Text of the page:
Keep in mind, exercises like chin-ups and supinated-grip lat pulldowns also hit the biceps brachii. If you’re performing these consistently, you can avoid exercises like preacher curls or EZ-bar curls.
Tendon Loading Program
When training for tendon adaptation, lower loads have been shown to be effective for exercises which apply a large tension load on the target tendon. (13) The incline dumbbell curl is an exercise that places high tension load biceps brachii, therefore moderate loads are appropriate.
Train the incline dumbbell curl with four to five sets in the 8-12 repetition range using a four-second eccentric phase and a two-second pause at the bottom. Note: this program is not designed to treat any specific injury or medical condition. See your sports medicine provider.
By changing the bench angle, the incline dumbbell curl can accommodate lifters with varying amounts of shoulder extension mobility while manipulating tension on the long head of the biceps.
High Incline Dumbbell Curl
The traditional incline dumbbell curl uses a 45-degree bench angle. Lifters with stiff shoulders or shoulder discomfort may adjust the bench to a more steep angle, roughly 60 or 70-degrees.
Technical performance of the exercise remains the same. However, less shoulder hyperextension is required to maintain vertical upper arms throughout.
Low Incline Dumbbell Curl
Lifters with more shoulder mobility who wish to amp up biceps tension even further may consider the low incline dumbbell curl. By placing the bench at approximately 30-degrees, the shoulder is put into more hyperextension which puts the long head of the biceps under a greater passive stretch.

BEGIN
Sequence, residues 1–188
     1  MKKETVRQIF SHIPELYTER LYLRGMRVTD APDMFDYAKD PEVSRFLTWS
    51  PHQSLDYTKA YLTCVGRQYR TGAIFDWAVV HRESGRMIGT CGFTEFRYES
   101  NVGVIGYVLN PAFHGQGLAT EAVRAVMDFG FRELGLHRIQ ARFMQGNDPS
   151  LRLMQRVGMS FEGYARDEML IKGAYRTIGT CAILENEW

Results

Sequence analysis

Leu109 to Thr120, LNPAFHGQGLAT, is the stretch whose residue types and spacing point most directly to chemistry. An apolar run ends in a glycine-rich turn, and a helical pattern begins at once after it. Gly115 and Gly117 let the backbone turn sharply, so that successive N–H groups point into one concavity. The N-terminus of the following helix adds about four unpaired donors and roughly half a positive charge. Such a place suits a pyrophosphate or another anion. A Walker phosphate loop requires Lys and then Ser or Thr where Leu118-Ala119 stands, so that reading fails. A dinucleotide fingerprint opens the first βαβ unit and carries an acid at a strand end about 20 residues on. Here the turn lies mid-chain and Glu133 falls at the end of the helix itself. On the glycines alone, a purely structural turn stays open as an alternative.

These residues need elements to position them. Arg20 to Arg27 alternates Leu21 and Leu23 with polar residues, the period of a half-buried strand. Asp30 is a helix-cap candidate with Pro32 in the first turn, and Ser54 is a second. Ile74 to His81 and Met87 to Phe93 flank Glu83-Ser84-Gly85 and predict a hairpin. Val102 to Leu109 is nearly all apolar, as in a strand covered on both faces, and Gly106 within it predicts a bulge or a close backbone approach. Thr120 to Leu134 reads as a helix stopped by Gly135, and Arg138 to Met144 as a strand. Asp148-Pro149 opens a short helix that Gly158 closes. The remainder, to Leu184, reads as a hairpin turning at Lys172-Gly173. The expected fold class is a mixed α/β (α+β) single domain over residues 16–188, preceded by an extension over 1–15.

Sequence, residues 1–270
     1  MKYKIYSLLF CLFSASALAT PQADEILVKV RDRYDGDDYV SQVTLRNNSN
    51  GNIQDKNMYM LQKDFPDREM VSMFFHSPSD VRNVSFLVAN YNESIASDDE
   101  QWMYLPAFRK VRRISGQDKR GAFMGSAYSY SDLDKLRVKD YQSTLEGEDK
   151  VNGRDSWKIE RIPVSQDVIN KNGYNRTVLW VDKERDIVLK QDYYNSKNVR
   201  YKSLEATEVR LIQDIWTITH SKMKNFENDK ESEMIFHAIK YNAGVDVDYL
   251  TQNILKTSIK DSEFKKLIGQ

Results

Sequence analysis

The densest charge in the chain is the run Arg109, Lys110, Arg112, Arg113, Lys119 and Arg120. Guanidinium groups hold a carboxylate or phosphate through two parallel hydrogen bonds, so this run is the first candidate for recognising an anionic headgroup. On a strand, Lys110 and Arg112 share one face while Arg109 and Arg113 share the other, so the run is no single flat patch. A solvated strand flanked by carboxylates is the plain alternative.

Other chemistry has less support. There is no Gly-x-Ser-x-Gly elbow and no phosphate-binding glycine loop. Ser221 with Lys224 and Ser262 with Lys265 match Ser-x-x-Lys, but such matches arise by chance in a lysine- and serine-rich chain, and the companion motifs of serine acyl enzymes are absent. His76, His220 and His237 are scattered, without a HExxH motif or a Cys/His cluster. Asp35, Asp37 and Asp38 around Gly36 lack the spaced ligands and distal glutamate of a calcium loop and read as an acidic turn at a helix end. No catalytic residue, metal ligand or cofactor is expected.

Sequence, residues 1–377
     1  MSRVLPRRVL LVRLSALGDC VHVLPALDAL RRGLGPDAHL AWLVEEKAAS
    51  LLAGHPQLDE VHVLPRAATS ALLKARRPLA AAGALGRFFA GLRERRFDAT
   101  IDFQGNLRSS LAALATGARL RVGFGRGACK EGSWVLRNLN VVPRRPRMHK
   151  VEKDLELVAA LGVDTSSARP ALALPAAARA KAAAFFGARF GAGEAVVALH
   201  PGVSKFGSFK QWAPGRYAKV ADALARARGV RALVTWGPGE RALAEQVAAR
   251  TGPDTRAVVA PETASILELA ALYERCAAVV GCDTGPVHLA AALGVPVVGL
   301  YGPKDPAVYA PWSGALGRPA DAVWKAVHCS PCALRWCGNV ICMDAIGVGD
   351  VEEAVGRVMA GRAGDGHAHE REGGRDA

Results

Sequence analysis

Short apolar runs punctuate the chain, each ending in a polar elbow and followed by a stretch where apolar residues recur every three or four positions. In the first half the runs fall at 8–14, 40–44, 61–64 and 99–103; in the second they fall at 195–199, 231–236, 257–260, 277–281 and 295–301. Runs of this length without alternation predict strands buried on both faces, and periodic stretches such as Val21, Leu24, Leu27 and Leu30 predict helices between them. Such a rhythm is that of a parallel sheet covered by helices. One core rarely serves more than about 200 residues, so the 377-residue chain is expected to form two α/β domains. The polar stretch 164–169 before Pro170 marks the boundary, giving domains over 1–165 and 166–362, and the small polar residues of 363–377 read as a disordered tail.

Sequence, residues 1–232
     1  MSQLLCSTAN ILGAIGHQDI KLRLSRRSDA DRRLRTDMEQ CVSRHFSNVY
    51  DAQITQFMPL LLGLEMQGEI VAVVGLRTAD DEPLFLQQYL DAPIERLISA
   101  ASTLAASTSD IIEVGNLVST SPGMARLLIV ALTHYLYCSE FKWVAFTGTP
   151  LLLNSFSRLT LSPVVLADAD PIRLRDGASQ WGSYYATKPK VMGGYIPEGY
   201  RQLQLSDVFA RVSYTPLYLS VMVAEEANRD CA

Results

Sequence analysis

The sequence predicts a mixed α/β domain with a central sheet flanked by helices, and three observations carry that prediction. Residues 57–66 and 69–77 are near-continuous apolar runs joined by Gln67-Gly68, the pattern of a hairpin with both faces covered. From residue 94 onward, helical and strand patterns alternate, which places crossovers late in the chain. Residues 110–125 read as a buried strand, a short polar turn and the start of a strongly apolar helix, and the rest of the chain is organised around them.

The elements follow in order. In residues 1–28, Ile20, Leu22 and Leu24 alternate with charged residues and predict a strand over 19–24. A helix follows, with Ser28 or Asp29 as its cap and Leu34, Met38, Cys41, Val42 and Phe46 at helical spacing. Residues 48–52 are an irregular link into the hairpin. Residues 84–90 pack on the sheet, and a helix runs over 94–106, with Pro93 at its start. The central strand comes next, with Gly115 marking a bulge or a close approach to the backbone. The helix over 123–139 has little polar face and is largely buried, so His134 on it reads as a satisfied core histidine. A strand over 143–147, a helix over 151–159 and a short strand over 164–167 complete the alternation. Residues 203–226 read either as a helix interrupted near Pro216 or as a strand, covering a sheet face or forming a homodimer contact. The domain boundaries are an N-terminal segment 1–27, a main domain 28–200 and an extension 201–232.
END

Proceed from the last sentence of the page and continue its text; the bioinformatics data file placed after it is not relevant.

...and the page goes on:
Keep your form dialed in. If you feel your shoulder or upper arm pushing forward during the exercise, go back to a higher bench angle.
Maybe all the adjustable benches in the gym are taken. Maybe you’ve programmed the incline dumbbell curl for a couple of training cycles and it’s time for a change. Maybe you miss standing in front of the mirror while doing curls. The good news is that you can still achieve some benefits of the incline dumbbell curl with these alternatives.
Bridge Position Dumbbell Curl
Those unable to stabilize their upper arm during the incline dumbbell curl, or those who cannot resist training glutes every chance they get, might try the bridge position dumbbell curl. Peak resistance is shifted to end-range, so use light dumbbells.
Lie on your back with your hips and knees bent, and your feet flat on the floor. Your arms should be on the floor at your sides, holding the dumbbells in a palms-up position. Bridge your hips off the floor while keeping your triceps touching the floor. Curl while holding the bridge position to work the buns and guns.
Popularized by legendary bodybuilding coach Vince Gironda, the drag curl trains the biceps in shoulder extension. The lifter stands and “drags” a barbell along the front of their body. The drag curl builds shoulder stability along with biceps size. The scapula retractors (middle traps, rhomboids) and shoulder extensors must work to keep the shoulders and elbows back during the curl.